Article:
At first glance, Venice looks a dense built city in which vegetation could barely survive. It might come as a surprise to know that there are many hidden gardens of Venice scattered all around the six sestieri – often where you least expect them!
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This sestiere has large parks in Giardini and Sant’Elena. However, if you want something quieter and more private, try the Serra dei Giardini, which has a display of exotic plants and a pleasant coffee shop next door.
The garden of the Prioral Palace of the Order Malta is probably the biggest private garden of the city, though it’s only open on certain occasions. Check their website to know when it is open.
The church of San Francesco della Vigna owes its name to the Italian word for vineyard, vigna. The church is connected to St. Mark, Venice’s patron saint, who took shelter there and was welcomed by an angel. The angel said the words that have become the city’s motto. “Pax tibi Marce Evangelista meum”, or “Peace be with you Mark, my Evangelist”.
Right next to the bustling railway station, the church of the Carmelites hides a vegetable garden. There, gardeners create delicacies available for purchase at the shop attached to the garden. You can rest until your train departs at the relatively large Parco Savorgnan, close to the Guglie bridge.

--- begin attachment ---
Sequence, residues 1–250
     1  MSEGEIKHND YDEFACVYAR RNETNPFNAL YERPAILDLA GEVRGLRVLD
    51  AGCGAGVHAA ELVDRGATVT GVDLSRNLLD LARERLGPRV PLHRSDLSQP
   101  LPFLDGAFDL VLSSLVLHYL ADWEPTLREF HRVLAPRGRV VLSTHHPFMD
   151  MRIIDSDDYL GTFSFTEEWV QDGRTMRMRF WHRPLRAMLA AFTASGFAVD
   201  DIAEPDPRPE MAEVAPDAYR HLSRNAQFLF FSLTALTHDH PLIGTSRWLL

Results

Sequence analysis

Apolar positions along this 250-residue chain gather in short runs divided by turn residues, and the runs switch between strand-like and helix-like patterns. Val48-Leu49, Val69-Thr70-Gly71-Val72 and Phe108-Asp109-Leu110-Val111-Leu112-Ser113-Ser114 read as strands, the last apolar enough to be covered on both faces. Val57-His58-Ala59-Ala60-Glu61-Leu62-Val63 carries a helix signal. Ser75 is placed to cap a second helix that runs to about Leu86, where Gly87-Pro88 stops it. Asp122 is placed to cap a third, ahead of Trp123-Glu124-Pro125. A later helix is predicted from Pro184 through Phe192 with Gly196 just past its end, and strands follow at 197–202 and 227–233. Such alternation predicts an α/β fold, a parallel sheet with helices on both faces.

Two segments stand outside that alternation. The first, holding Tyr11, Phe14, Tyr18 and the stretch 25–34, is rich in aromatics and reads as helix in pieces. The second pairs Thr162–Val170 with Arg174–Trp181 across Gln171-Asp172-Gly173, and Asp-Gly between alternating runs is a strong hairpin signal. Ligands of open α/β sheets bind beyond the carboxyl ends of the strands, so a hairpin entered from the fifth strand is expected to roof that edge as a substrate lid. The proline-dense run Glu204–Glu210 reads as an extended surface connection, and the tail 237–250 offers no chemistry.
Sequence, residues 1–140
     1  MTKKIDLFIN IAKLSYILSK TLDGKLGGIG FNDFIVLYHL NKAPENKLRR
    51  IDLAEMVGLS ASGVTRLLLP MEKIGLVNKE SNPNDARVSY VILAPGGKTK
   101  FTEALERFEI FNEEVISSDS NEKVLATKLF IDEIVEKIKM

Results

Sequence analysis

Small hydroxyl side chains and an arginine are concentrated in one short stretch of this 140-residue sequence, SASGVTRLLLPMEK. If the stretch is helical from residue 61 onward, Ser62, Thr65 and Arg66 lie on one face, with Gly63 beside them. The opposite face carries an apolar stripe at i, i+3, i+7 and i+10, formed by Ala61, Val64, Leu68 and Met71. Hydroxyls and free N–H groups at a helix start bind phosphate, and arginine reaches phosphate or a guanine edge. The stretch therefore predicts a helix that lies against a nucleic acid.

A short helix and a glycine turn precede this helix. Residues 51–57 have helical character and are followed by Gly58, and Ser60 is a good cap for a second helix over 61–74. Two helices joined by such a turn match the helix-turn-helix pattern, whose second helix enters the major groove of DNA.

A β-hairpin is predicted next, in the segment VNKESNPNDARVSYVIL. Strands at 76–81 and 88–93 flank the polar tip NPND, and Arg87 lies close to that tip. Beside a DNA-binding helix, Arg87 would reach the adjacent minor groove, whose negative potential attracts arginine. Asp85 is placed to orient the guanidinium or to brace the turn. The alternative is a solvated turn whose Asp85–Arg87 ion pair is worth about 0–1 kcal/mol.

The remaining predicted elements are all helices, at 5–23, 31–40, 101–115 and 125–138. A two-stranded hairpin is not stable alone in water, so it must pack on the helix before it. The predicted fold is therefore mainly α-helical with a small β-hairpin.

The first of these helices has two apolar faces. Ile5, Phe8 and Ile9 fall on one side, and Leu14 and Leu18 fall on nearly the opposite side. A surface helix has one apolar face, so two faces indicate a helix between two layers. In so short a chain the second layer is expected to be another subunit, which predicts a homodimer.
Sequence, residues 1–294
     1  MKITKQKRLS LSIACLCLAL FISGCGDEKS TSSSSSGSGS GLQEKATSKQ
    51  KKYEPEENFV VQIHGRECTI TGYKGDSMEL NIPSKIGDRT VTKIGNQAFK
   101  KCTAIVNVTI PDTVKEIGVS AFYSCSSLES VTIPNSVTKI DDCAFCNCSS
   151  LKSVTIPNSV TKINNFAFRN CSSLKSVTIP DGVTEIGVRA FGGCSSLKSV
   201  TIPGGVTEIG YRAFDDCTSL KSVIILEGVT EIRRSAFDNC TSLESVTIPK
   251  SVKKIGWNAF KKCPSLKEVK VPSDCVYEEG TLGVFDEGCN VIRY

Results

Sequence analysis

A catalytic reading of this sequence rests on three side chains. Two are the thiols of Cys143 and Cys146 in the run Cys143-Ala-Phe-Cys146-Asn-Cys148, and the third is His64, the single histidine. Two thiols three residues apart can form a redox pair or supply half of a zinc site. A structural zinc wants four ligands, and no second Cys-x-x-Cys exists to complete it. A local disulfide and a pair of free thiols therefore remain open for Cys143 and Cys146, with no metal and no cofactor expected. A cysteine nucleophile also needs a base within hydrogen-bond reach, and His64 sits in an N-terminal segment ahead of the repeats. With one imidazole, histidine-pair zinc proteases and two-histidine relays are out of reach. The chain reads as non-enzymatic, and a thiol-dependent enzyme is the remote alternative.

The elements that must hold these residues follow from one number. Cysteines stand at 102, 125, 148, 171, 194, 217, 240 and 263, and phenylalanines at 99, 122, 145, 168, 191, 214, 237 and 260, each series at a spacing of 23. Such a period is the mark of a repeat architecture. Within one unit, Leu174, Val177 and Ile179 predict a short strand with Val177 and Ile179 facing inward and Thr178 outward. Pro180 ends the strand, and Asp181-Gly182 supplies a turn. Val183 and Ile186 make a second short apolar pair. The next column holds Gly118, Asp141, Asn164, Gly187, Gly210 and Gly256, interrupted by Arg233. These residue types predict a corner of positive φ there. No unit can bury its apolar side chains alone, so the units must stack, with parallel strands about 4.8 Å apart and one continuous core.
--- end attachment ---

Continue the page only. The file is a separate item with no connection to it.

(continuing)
North of the city, the garden Villa Groggia was part of a demolished palace but with a still working theatre and a swimming pool.
On the north-western end of the city, a secluded and quite forsaken bit of greenery can be visited at your own risk. In fact, the place is tranquil but not attended to but still a perfect spot to watch the sunset. Get in through the gate at the number 3144.
If looking for a fancier location, the garden of the Grand Hotel dei Dogi is the right one. Exclusively for the patrons of the bar and restaurant, it gives the idea of what the walled gardens were for the wealthy Venetians.
Very close to the Scalzi Bridge, the Palazzo Soranzo Cappello has a beautiful English landscape garden recently reopened. Usually, you can only visit after you send an application to the Soprintendenza. However, on some occasions, it’s free to enter. You can find many literary references, from D’Annunzio’s Il fuoco to Henry James’s The Aspern Papers.
Another nice English landscape garden free to visit is the one of Ca’ Zenobio, former home of the College of the Armenian Fathers of San Lazzaro, near Campo Santa Margherita.
Ca’ Rezzonico is a Baroque palazzo on the Grand Canal that hosts the museum of the 18th century with a great Italian garden.
Giudecca, one of the many islands, has lovely plots all along the southern side. You can find beautiful gardens behind the Fortuny textile factory.
There is a tiny garden that overlooks a quiet area of the lagoon. It’s located right behind the magnificent church of the Redentore. Behind the church of Zitelle, you can find Villa Heriot, an odd-looking building with a nice garden.
Finally, on the easternmost tip of Venice, you can find the Belmond Hotel Cipriani. It has large, splendid floral and vegetable gardens that you can visit if you are a guest. If you want to reward yourselves with a fine dinner, you can visit their excellent restaurant.
Enjoy the best gardens of Venice!
©Photo Credits: San Francesco della Vigna (Photo by Roberta Bianchi), Villa Groggia (Photo by Thom Ouellette), Ca’ Zenobio (Photo by Giacomo Caruso)
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